From Morocco to Macedonia, Christians and Muslims have shared shrines and engaged in each other’s practices such as stepping through a chain (like a large rosary) at the Christian monastery of Mar Elyas in the Israeli-occupied West Bank, or crawling through a hole in the wall beneath the icons of Mary and Jesus at the monastery of Sveti Bogoroditsa Prechista in Macedonia. These examples were brought to light by Glenn Bowman who edited a volume on the topic, Sharing the Sacra, and several other volumes on this theme have appeared in recent years (e.g. Couroucli’s Sharing Sacred Spaces in the Mediterranean, and Barkan and Barkey’s, Choreographies of Shared Sacred Sites). These studies do not always reveal syncretism, but they do indicate the juxtaposition and mutual positioning of the Abrahamic religions in particular locations.  They illuminate the complex logics by which people compartmentalize their practices as cultural and not religious, or excuse them as minor appeals for healing rather than commitments to the god of another religion that would compromise one’s own religious identity.

Dafne ACCORONI: What have been the effects of science and secularism on religion or on syncretism in Greece?

Charles STEWART: Modern science has steadily cut into the authority of religion to explain the world thereby opening a space for agnosticism if not atheism. This relativizing of religion allows for new types of syncretism. Perhaps these can be labelled middle class syncretism in that they arise from higher education and the awareness of global trends in New Age religiosity. One highly cosmopolitan Greek anthropologist, Pola Bousiou, once sent me a syncretic thank-you note that consisted of a montage of Hindu and Greek Orthodox iconography. Her book, Nomads of Mykonos, showed that anthropologists play a role here beyond that of observers or chroniclers. They may themselves embrace these movements and thus be a sort of role model for the people they meet. As a comparative discipline we document practices such as shamanism and dreaming that may be latched upon and revitalized in New Age syncretic assemblages. Work like my own on marginal practices such as the evil eye, divining rites and dream visions describes rituals that may then be incorporated into new spiritualities which are both traditionally Greek and cosmopolitan. Think of all of those tourist shops throughout the Mediterranean selling blue evil eye charms. What was once a widespread and unselfconscious practice, later demonized and relegated to the category of superstition, is now re-validated as an appealing piece of Mediterranean spirituality and material culture. Tourists return to the USA or Japan with hand of Fatima key rings and evil eye pendants. Within Greece, people experiment with different media that may contain and transmit positive ‘energy’. Icons, crystals and blue beads jostle for space, in pluralistic juxtapositions sometimes justified in scientific terms so that spirituality and science coexist.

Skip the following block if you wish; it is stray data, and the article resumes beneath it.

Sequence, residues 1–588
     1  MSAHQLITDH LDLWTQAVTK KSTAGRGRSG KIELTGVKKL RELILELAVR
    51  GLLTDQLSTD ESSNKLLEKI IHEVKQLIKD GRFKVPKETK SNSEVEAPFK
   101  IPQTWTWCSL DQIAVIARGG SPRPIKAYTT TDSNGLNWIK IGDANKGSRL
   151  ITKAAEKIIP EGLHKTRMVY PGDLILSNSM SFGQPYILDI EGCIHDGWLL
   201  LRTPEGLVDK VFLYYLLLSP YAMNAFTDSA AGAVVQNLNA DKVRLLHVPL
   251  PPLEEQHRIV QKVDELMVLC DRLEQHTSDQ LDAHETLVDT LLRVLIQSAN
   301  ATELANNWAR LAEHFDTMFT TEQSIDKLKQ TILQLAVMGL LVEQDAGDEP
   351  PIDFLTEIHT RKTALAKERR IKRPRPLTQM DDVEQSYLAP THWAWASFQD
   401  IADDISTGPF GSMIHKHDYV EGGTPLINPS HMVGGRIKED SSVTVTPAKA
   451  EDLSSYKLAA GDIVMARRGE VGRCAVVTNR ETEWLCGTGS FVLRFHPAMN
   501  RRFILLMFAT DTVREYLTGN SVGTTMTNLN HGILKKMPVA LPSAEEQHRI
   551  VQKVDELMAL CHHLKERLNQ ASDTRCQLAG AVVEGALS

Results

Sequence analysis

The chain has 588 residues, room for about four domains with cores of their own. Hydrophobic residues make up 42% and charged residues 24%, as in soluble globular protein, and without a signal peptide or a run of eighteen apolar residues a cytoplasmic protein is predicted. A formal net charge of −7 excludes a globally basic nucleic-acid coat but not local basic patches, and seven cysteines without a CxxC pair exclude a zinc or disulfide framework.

Dafne ACCORONI: Although earlier anthropology of the Mediterranean aimed at comparing Mediterranean societies (Peristiany 1965; Davis 1977), contending for their relative homogeneity revolving around the values of honor and shame (Pitt-Rivers), by the 1990s, researchers had largely abandoned area studies approaches. What’s your take on this?

Charles STEWART: As mentioned above, I studied at Oxford University, alma mater of Peristiany, Pitt-Rivers and Campbell, all of whom contributed chapters to the 1965 Honour and Shame volume. As a young person from North America I found the descriptions of machismo and vendettas fascinating, not to say exotic. Conditioned to look for that sort of material, my work made its own discoveries and observations adding to the honour and shame model. In reality, urban Greece did not look at all like this, and even in the mountains of Naxos the culture of honour and shame existed more in stories than in actuality. Herzfeld properly analysed it as a narrative genre; one had to be good at performing manhood and this might largely be rhetorical.

When I first came to University College London, I taught a course on the Anthropology of the Mediterranean which covered honour and shame, the position of women, pilgrimage, religion, and patronage among other standard topics in the comparative anthropology of the Mediterranean area. I very quickly grew tired of this. For one thing, I had personally done it to death. More than that, as your question indicates, the Mediterranean belonged to an area studies conception that was big in the 1960s and 70s. The work of Braudel had also created a basis for considering the interrelations and consistent ecology and comparable similar social forms of the Mediterranean – the three C’s as I used to teach my students (drawing, I think, on John Davis’s succinct formulation): commerce, conquest and connubium. What happened in the late 80’s was the rise of the writing culture movement and a more critical attitude toward the concept of culture. The fascination with identifying shared cultural traits in order to characterize large groups and regions began to wane in favour of the interest in the multiple positionalities within a putative culture, and the ongoing dialectics of internal difference, rather than harmony and homogeneity.